• Edmonds, E. (2012). Rastafari: A very short introduction. Oxford: Oxford University Press.

  • Eliade, M. (1964). Shamanism: Archaic techniques of ecstasy. Princeton, NJ: Princeton University Press.

  • Eliade, M. (1982). A history of religious ideas: From Gautama Buddha to the triumph of Christianity. Chicago: University of Chicago Press.

    • Crossref
    • Search Google Scholar
    • Export Citation
  • Ferrara, M. (2016). Sacred bliss: A spiritual history of cannabis. Lanham, MD: Rowman & Littlefield.

  • Ferrara, M. (2019). New seeds of profit: Business heroes, corporate villains, and the future of American capitalism. Lanham, MD: Lexington Books.

    • Search Google Scholar
    • Export Citation
  • Foltz, R. (2013). Religions of Iran: From prehistory to the present. London: One World.

  • Frawley, D. (2001). The Rig Veda and the history of India. New Delhi: Aditya Prakashan.

  • Fürniss, S. (2014). Diversity in Pygmy music. In B. S. Hewlett (Ed.) Hunter-Gatherers of the Congo Basin: Cultures, histories, and biology of African Pygmies (pp. 187218). London: Transaction.

    • Search Google Scholar
    • Export Citation
  • Glosecki, S. (2004). Defining the dream doctor. In A. A. Znamenski (Ed.) Shamanism: Critical concepts in sociology (Vol. 3, pp. 186242). New York: Routledge.

    • Search Google Scholar
    • Export Citation
  • Godlaski, T. (2012). Shiva, lord of bhang. Substance Use & Misuse, 47(10), 10671072.

  • Griffith, R, & Abhimanvu, M. L. (1962). Hymns of the Atharva-Veda: Volume one. Varanasi: Master Khelari Lal & Sons.

  • Guano, E. (1994). Revival Zion. An Afro-Christian religion in Jamaica. Anthropos, 89, 517552.

  • Hamid, A. (2002). The ganja complex: Rastafari and marijuana. Lanham, MD: Lexington Books.

  • Hutchinson, H. (1975). Patterns of marihuana use in Brazil. In V. Rubin (Ed.) Cannabis and culture (pp. 195206). Paris: Mouton.

  • Khalifa, A. (1975). Traditional patterns of hashish use in Egypt. In V. Rubin (Ed.) Cannabis and culture (pp. 195205). Paris: Mouton.

    • Search Google Scholar
    • Export Citation
  • Koltko-Rivera, M. (2006). Rediscovering the later version of Maslow’s hierarchy of needs: Self- transcendence and opportunities for theory, research, and unification. Review of General Psychology, 10(4), 302317. https://doi.org/10.1037/1089-2680.10.4.302.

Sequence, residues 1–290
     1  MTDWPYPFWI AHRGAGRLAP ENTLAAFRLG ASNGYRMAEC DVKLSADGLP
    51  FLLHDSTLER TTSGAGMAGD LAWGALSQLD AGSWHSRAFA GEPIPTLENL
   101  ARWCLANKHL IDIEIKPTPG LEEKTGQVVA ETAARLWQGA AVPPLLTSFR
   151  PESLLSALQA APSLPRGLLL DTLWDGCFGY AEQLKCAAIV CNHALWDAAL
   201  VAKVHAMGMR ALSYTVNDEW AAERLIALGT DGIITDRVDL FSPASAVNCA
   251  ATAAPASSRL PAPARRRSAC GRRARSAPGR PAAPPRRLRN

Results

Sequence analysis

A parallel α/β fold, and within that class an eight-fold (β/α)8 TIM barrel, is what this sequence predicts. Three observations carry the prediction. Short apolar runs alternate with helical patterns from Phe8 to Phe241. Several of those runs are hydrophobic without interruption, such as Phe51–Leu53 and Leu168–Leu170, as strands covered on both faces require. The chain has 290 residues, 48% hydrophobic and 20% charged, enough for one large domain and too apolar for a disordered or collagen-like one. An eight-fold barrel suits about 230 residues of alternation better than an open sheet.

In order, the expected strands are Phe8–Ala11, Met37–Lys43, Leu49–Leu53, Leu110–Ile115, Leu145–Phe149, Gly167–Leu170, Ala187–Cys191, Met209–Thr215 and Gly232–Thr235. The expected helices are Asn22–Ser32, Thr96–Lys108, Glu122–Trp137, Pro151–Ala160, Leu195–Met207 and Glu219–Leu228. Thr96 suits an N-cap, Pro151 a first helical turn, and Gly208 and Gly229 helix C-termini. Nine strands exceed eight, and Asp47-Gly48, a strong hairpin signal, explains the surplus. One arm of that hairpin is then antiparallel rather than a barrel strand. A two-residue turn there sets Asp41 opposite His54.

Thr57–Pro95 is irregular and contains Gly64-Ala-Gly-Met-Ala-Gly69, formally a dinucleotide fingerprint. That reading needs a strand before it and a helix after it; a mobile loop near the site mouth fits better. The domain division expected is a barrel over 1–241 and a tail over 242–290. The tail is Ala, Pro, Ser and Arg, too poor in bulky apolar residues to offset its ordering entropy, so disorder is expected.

• Crossref
    • Search Google Scholar
    • Export Citation
  • Kuddus, M., Ginawi, I., & Al-Hazimi, A. (2013). Cannabis sativa: An ancient wild edible plant of India. Emirates Journal of Food and Agriculture, 25(10), 736745. https://doi.org/10.9755/ejfa.v25i10.16400.

    • Crossref
    • Search Google Scholar
    • Export Citation
  • Lee, M. (2013). Smoke signals: A social history of marijuana: Medical, recreational, and scientific. New York: Scribner.

  • Long, T., Wagner, M., Demske, D., Leipe, C., & Tarasov, P. E. (2017) Cannabis in Eurasia: Origin of human use and Bronze Age trans-continental connections. Vegetation History and Archaeobotany, 26(2), 245258.

    • Crossref
    • Search Google Scholar
    • Export Citation
  • Luke, D., & Kittenis, M. (2005). A preliminary survey of paranormal experiences with psychoactive drugs. Journal of Parapsychology, 69(2), 305327.

    • Search Google Scholar
    • Export Citation
  • Maslow, A. H. (1954). Motivation and personality. New York: Harper & Bros.

  • Maslow, A. (1964). Religions, values, and peak-experiences. Columbus: Ohio State University Press.

  • Maslow, A. (1968). Toward a psychology of being. New York: Van Nostrand Reinhold.

  • Maslow, A. (1971). The farther reaches of human nature. New York: Penguin.

  • Maslow, A. (1998). Maslow on management. New York: Wiley and Sons.

  • McKenna, T. (1992). The food of the gods. New York: Bantam.

  • McRae, E. (1998). Santo Daim and Santa Maria—The licit ritual use of ayabuasca and the illicit use of cannabis in a Brazilian Amazonian religion. International Journal of Drug Policy, 9, 325338.

    • Crossref
    • Search Google Scholar
    • Export Citation